Tristan da Cunha Post Office | British Pobjoy Mint

Tristan da Cunha

29 September 2020

Sharks (Part 1)

Tristan da Cunha: Sharks (Part 1), 29 September 2020. Images from Trsitan da Cunha Stamps.

Technical Specifications:

Designer: Andrew Robinson
Printer: bpost
Stamp size: 42.02 x 27.66mm
Process: Lithography
Perforation: 11½ per 2cms
Production Co-ordination: Creative Direction (Worldwide) Ltd
Sheet format: 10
202007 Mint Stamps (45p, 70p, £1.10, £1.50) £3.75
202008 First Day Cover (with 45p, 70p, £1.10, £1.50 stamps) £4.75

45p – Broadnose Sevengill Shark (Notorynchus cepedianus)

The Broadnose Sevengill shark is an ‘ancient’ shark, the only existing member of the genus Notorynchus, in the family Hexanchidae. It lives in relatively shallow, temperate seas worldwide, except the North Atlantic and Tristan is one of the few mid-ocean archipelagos where it is known to occur. It is recognisable by its seven gill slits, while most shark species have only five. It grows up to 2.5m (8ft) long and is pale grey with a white belly. These are the most common sharks found inshore at Tristan, where its local name is ‘Rock Shark’, and they feed mainly on fish, octopus and squid, but also on general carrion. The species is not well studied and is listed as ‘data deficient’ by the IUCN red list.

70p – Porbeagle (Lamna nasus)

The Porbeagle is a species of mackerel shark in the family Lamnidae, and is a smaller relative of the Great White Shark. It is distributed widely in the cold and temperate marine waters of the North Atlantic and Southern Hemisphere. In 2017, the National Geographic Pristine Seas Expedition recorded a single pup at approximately 60cm (2ft) long. This was the first observation for the species, in Tristan waters, and suggests it was likely born here. It is possible that Porbeagle sharks use the islands as a nursery area so the islands may have significant importance to these species of shark. The Porbeagle is listed as Vulnerable globally, mainly due to overfishing.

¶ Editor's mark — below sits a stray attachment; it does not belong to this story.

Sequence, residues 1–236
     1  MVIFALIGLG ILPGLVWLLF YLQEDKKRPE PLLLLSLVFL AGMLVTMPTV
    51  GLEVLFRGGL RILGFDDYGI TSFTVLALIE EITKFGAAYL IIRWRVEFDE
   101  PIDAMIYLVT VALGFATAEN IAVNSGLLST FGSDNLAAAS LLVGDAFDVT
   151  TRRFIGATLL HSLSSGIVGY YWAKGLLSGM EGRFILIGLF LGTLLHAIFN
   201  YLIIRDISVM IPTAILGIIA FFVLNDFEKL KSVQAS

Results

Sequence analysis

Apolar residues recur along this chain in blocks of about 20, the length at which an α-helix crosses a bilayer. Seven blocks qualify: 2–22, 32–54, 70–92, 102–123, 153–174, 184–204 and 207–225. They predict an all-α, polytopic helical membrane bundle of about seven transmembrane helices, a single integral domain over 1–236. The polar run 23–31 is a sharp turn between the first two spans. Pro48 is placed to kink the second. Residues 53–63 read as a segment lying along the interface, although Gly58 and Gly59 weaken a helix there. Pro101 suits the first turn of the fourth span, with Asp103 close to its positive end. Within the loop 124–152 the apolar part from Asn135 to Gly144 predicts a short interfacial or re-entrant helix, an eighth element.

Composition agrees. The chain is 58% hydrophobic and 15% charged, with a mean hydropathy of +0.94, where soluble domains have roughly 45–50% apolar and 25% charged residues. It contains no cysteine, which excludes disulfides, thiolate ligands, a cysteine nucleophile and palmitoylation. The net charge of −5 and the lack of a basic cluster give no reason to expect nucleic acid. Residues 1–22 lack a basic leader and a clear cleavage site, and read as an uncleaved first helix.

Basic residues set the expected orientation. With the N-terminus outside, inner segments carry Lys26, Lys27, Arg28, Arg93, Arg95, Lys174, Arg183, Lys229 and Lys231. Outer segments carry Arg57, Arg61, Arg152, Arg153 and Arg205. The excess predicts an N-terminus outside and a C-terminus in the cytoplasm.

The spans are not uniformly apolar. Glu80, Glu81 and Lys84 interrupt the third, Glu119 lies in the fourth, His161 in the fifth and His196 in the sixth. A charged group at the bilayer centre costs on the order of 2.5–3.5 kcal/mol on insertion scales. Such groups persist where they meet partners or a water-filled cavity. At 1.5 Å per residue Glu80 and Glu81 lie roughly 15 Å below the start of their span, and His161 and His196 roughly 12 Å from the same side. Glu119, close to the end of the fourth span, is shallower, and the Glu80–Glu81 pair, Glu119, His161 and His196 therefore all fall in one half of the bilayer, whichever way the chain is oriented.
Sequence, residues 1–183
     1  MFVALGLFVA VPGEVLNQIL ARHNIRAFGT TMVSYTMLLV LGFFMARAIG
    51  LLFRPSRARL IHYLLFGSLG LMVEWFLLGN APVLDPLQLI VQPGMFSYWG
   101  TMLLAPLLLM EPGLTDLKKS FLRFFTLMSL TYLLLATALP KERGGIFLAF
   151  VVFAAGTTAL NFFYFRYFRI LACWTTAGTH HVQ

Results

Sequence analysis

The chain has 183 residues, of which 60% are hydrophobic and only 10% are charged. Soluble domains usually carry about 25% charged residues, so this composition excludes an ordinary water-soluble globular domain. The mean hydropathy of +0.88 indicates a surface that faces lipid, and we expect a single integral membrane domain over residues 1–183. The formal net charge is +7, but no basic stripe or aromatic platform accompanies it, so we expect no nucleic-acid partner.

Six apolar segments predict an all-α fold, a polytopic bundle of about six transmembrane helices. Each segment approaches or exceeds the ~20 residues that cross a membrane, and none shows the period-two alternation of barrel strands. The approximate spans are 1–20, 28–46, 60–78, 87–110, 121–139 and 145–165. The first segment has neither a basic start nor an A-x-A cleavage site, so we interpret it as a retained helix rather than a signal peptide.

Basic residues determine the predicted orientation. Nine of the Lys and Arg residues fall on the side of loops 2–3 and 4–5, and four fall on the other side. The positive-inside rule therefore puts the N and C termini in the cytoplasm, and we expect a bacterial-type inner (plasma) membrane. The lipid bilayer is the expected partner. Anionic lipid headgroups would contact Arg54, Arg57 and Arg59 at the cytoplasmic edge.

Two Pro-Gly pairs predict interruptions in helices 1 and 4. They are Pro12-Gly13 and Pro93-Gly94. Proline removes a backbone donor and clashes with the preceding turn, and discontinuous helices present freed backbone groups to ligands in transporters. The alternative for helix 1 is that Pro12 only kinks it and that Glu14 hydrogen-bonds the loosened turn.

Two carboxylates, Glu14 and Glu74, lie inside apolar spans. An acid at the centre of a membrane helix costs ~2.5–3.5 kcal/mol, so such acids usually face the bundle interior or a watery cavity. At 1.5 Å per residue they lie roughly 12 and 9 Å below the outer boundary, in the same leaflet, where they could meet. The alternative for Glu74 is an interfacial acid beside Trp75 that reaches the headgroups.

£1.10 – Great Hammerhead (Sphyrna mokarran)

The Great Hammerhead inhabits tropical waters around the world, between 40°N and 37°S. It is the largest species of hammerhead shark, belonging to the family Sphyrnidae, attaining a maximum length of 6m (20ft). The Great Hammerhead can be distinguished from other hammerheads by the shape of its ‘hammer’ (called the ‘cephalofoil’), which is wide with an almost straight front margin, and by its tall, sickle-shaped first dorsal fin. The Great Hammerhead feeds on a wide variety of prey ranging from crustaceans and cephalopods, to bony fish and smaller sharks. Females bear litters of up to 55 pups every two years. Great Hammerheads move into the Tristan area during the warmer summer months, but do not reach Gough, where the water temperature is 3-4 degrees colder. It is listed as Critically Endangered, mainly due to overfishing.

£1.50 – Blue Shark (Prionace glauca)

Blue Sharks are one of the great ocean wanderers. These slim, graceful sharks, up to 2.5m (8ft) long with large eyes and brilliant blue backs are known to make journeys of up to 9,200 km (5,700 miles) with some individuals making multiple trans-Atlantic crossings. Research suggests that the waters of Tristan da Cunha may provide a refuge for these gentle giants. Both large females and small juveniles occur, suggesting that the waters around Tristan da Cunha are a blue shark nursery ground with large females traveling here to give birth. The lack of intense fishing effort seen in other parts of the world hopefully provides a sanctuary for the pups to grow in peace before undertaking migrations of their own. Despite occurring through most of the world’s oceans, their numbers are decreasing due to fishing pressure, and the species is listed as near-threatened globally.

FDC – Great Hammerhead (Sphyrna mokarran)

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